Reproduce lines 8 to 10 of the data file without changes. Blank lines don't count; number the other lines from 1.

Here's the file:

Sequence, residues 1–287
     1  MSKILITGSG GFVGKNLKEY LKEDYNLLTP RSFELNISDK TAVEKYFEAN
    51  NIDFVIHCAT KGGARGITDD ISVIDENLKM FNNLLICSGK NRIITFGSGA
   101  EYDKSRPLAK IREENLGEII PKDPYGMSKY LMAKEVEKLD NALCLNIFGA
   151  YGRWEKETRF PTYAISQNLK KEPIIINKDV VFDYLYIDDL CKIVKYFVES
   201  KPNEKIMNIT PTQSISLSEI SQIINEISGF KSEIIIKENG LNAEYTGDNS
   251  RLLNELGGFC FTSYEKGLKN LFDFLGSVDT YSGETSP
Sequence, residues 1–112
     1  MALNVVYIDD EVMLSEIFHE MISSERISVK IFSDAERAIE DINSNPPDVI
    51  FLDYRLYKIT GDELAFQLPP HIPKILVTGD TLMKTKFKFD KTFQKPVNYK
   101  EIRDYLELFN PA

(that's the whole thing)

Sequence, residues 1–112
     1  MALNVVYIDD EVMLSEIFHE MISSERISVK IFSDAERAIE DINSNPPDVI
    51  FLDYRLYKIT GDELAFQLPP HIPKILVTGD TLMKTKFKFD KTFQKPVNYK